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Wrongful Death in Nursing Home Cases – COVID, Flu Season, and Other Hazards

2020 is coming to a close, and we’ve had a complete year of uncertainty. While COVID-19 restrictions are inconvenient for some, in nursing homes they may cause a deadly situation. Nursing homes have had some of the most horrific cases and highest death rates in the United States. However, elderly care facility deaths, even those associated with coronavirus,  aren’t simply explained away because of the age of the patients.

Many families are finding that deaths within nursing homes, even those including COVID-19, the flu, or health complications are wrongful deaths. The trouble is that many elderly adults face neglect and abuse while in nursing homes. This is an ongoing battle that attorneys, families, and authorities are fighting with little to show for it. It is possible that your loved one died as a result of not receiving the care they should have, and that the medical staff present knew the care they needed and failed to deliver.

Does Wrongful Death Happen in Nursing Homes?

Wrongful death refers to any loss of life which was caused because of abuse or negligence.  This often happens in elderly care facilities because of physical abuse, or neglect. It is far more common than most families are led to believe that nursing homes are not a healthy environment or elderly adults who need a substantial amount of care.

The National Institute on Aging estimates that about 1 in 10 adults older than 60 are abused, neglected, or experienced financial exploitation. This can happen in nursing homes, assisted living facilities, hospitals, and even in a person’s home.

Treatment of the Elderly and Sickness

One of the biggest obstacles that elderly care facilities face is the availability of qualified medical staff to fit the needs of the patient. We can generally assume that most adults in an elderly care facility require ongoing Medical Care and daily treatment. This is a fair assumption, given that these adults are not healthy or independent enough to live alone. In many cases, these adults are placed into nursing homes because their family members aren’t medically qualified to provide the care they need.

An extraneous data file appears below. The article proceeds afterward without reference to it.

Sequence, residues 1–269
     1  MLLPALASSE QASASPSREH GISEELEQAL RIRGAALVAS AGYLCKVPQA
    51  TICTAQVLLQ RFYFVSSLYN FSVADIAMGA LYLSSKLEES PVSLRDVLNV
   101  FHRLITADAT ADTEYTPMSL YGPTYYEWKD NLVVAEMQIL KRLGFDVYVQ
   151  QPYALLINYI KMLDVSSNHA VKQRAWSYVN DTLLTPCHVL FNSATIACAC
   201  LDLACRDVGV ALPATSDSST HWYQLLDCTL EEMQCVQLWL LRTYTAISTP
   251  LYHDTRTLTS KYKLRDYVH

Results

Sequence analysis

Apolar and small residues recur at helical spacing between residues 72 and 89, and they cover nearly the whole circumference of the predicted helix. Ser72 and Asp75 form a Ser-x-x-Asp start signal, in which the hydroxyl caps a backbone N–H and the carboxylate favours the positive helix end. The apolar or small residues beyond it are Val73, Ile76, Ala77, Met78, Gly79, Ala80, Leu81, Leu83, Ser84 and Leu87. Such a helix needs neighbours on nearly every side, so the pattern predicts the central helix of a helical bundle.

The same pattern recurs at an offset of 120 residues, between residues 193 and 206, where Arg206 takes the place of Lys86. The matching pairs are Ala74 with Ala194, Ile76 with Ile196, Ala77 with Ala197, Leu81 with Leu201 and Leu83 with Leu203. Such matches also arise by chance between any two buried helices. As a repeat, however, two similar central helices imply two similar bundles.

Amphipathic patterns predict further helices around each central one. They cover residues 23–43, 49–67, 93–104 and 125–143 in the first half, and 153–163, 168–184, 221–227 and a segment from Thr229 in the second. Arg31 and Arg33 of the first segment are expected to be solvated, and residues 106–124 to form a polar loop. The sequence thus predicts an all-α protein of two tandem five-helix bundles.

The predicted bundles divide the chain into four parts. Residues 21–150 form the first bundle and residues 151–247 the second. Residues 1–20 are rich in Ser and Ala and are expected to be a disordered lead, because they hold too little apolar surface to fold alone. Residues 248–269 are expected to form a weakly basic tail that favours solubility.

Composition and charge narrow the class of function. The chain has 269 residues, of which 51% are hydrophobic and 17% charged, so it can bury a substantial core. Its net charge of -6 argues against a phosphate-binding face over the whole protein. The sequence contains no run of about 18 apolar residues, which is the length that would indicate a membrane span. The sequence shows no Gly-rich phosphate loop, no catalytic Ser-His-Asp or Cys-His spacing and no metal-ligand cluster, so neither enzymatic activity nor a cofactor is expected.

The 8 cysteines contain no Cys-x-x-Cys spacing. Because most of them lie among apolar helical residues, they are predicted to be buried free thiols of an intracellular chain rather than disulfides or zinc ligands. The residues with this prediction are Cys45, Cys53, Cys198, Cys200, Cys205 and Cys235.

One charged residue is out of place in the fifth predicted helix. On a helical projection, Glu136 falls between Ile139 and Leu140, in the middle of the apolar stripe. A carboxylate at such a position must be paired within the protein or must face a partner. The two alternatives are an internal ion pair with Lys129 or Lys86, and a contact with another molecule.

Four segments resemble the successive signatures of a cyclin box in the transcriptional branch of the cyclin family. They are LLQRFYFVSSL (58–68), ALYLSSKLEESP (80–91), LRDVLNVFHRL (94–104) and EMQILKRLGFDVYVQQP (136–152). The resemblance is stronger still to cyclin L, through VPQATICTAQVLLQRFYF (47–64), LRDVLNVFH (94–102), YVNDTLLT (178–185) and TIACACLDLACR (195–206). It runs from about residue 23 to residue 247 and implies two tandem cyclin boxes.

However, most of the treatment in nursing homes doesn’t fall to doctors. It falls to nursing staff, and typically these facilities don’t have an adequate number of working medical staff to fit the needs of the elderly patients. It’s possible that the abuse or neglect wasn’t intentional, but was a product of mismanagement from the company or state.

About 42% of COVID-19 related deaths occurred in nursing homes or assisted living. The question is what are those deaths or concentrated so dramatically only because of the age of the patient. Or perhaps the high levels of comorbidity played a factor, or possibly nursing home staff weren’t able to provide adequate treatment.

Can COVID-Related Deaths Link to Wrongful Death?

It is possible that a death attributed to COVID-19 or basic health complications such as the flu has the underlying factor of negligence. How long had that patient gone exhibiting symptoms without receiving treatment? Is it possible that the illness was overlooked for the duration of time because of short-staffing?

There’s also the question of social distancing and safe COVID-19 practices. There could be negligence in a nursing home opening to visitors too soon or not having restrictions in place to protect their patients. These are elements that fall back to the administration overseeing the nursing home and not necessarily the medical staff working in the environment.

Some nursing homes have even taken to claiming that they’re unfamiliar with these types of social distancing and medical safety procedures. However, it is common practice for nursing homes to be closed to visitors during deadly flu seasons.

Take Action Against Wrongful Death with Cincinnati Wrongful Death Attorneys

Wrongful death affects many families, and throughout Ohio, those families are wondering how well their loved one was treated. In nursing homes, many elderly patients don’t receive the care they should have and are unable to fight disease as effectively as younger adults. When the family is realized that the nursing home was aware of the illness, or abuse and they did not take action, that is clear negligence.

That nursing home was responsible for the welfare of your loved one. Take action against abuse and neglect toward the elderly, which resulted in wrongful death in your family. At Young, Reverman, and Mazzei, we seek to help families find peace and work toward some recovery for expenses or damages associated with the neglect.

Jay A. Bolotin is a partner at the injury law firm of Young, Reverman & Bolotin. Serving the people of Indiana, Kentucky, and Ohio, Jay dedicates his career to helping clients in the tri-state area obtain financial compensation after suffering serious injuries. He focuses his practice on cases involving car accidents, trucking accidents, dog bites and animal attacks, and other types of personal injury incidents.

Years of Experience: More than 25 years
Registration Status:: Active
Bar Admissions: Illinois, Kentucky, Ohio, Indiana, and Cincinati Bar Association